Nieman Foundation at Harvard
HOME
          
LATEST STORY
Should it stay or should it go: News outlets scramble to cover Britain’s decision to exit the European Union
ABOUT                    SUBSCRIBE
March 20, 2012, 1:53 p.m.
propublica-stateface-font

Typographic capitals: ProPublica shares a tool for easy state maps

The typeface-as-atlas webfont is the latest open-source release from the nonprofit news outlet, which has been building out key parts of the journalist-coder’s toolkit.

I’m pretty sure there isn’t a category for Best Use of Webfont Formats, so ProPublica will probably have to remain happy with the two Pulitzer Prizes it’s already won. But a tiny little project out of the nonprofit news giant is worth an attaboy.

ProPublica just released StateFace, a webfont that, in place of standard letters, contains maps of the 50 states. (Plus the District of Columbia. Sorry, Guam.) Dingbat fonts are nothing new, and Unicode has helped bring font-characters-as-tiny-graphics closer to the mainstream.

But StateFace is purpose-driven, marrying typographic technology with editorial needs. ProPublica’s using it as an easy way to get state maps onto its Super PAC tracking page. You embed the font files as you would any other webfont, with a simple CSS call from your server.

Here’s the Gulf Coast, for instance. (Warning: This won’t look right in an RSS feed or some other non-web environment, I’d wager.)

qRYBJI

On the back end, those states are really just the random-looking string “qRYBJI”; R equals Louisiana, J equals Georgia, and so on. You can select them with your mouse and copy them into a text file if you want.

And the glyphs are detailed enough that they can be scaled up quite large. Here’s Louisiana at 300-point, and just for fun, crawfish red:

R

(We Louisianans wish our southeastern coastline was still that lush and full, but that’s another story.)

The vagaries of web typography also mean you can do things like italicize a state — imagine a strong breeze was coming in from north Texas:

R

ProPublica’s Scott Klein is proud of the little details:

From what I can tell from the github repo, Jeff Larson and Klein were the main drivers behind the project. (An exercise left to the reader: Be the first person to make a complete map of the United States using this webfont and CSS absolute positioning.)

Now, I imagine that “making fonts with tiny maps in them” probably didn’t rank high on the Sandlers’ wish list when they gave the initial gift to fund ProPublica. But nonetheless, once the developers went through the trouble of solving their own problem, they took the extra step of releasing their work for others to use.

It remains one of my favorite things about ProPublica that it is so committed to sharing both its work and the tools it builds to create that work. Read its Nerd Blog and you’ll find tools like Simple Tiles (a map imaging tool), a small stepper graphic library, TimelineSetter (for, duh, timelines), a guide for scraping data from the web, a tool for connection graphics, and more.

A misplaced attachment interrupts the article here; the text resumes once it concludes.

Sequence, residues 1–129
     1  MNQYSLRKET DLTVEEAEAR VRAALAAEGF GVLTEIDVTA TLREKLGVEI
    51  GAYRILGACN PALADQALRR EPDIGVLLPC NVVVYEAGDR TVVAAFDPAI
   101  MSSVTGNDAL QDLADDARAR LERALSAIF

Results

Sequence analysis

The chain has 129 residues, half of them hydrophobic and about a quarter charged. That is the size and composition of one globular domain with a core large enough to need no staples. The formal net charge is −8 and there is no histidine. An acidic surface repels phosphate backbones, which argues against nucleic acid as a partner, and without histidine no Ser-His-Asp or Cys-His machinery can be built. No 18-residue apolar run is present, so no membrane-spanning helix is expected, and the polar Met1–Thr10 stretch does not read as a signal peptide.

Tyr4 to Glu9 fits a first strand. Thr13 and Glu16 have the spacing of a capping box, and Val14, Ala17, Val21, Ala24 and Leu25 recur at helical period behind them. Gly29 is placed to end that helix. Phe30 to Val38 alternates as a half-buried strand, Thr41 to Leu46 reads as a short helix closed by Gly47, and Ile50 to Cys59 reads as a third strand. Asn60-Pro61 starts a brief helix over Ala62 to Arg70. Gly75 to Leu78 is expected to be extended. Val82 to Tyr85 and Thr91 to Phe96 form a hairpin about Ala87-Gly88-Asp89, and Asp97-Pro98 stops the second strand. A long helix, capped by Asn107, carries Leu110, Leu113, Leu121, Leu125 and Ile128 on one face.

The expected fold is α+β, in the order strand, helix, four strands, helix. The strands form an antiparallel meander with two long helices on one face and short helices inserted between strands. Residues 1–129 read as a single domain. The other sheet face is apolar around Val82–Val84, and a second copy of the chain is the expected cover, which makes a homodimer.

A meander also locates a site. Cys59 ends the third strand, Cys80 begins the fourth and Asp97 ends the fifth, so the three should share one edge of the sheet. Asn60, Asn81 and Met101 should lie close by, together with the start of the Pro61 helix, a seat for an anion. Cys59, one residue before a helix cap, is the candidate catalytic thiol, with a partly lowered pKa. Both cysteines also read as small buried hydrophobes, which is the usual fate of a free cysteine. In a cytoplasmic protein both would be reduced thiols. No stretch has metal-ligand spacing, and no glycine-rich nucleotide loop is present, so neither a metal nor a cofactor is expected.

Those are all valuable additions to the journalist-coder toolkit. So even though I don’t imagine I’ll ever have a use for an inline map of New Mexico, I raise a toast to the open-source sensibilities of ProPublica’s nerds.

POSTED     March 20, 2012, 1:53 p.m.
SHARE THIS STORY
   
Show comments  
Show tags
 
Join the 15,000 who get the freshest future-of-journalism news in our daily email.
Should it stay or should it go: News outlets scramble to cover Britain’s decision to exit the European Union
Online, readers stayed up for the results: Peak traffic to BBC News, for instance, was around 4 a.m. GMT, and by 11 a.m. BBC.com had received 88 million page views.
Acast wants to get new audiences “in the podcast door” with more diverse shows and better data
With a new paid subscription option and its sights set on non English-speaking countries, the Swedish podcasting startup is looking for listeners (and shows) beyond the iTunes set.
“Medium’s team did everything”: How 5 publishers transitioned their sites to Medium
What happened when Pacific Standard, The Ringer, The Awl, The Bold Italic, and Femsplain moved their sites over to Medium.
What to read next
0Spain’s Eldiario.es has 18,000 paying members, and its eye on the next several million
“We have a potential of six million readers. You may not convince all six million people to be your socios, but if you learn more about their interests, you can get closer.”
0The Washington Post is testing out a few new hurdles for non-paying online readers
The Post is now asking readers to submit their email in order to read stories without paying.
0This new collaboration hopes to aid the endless debates about media with some actual hard data
“For a long time, I’ve wanted to try to put more data and quantitative analysis behind some of the claims and questions we ask around underrepresented and misrepresented stories in online spaces.”
Encyclo is our encyclopedia of the future of news, chronicling the key players in journalism’s evolution.
Here are a few of the entries you’ll find in Encyclo.   Get the full Encyclo ➚
Mashable
The Guardian
Frontline
The Daily Show
Salon
Examiner.com
Lens
The Daily Telegraph
Demand Media
Upworthy
Suck.com
The UpTake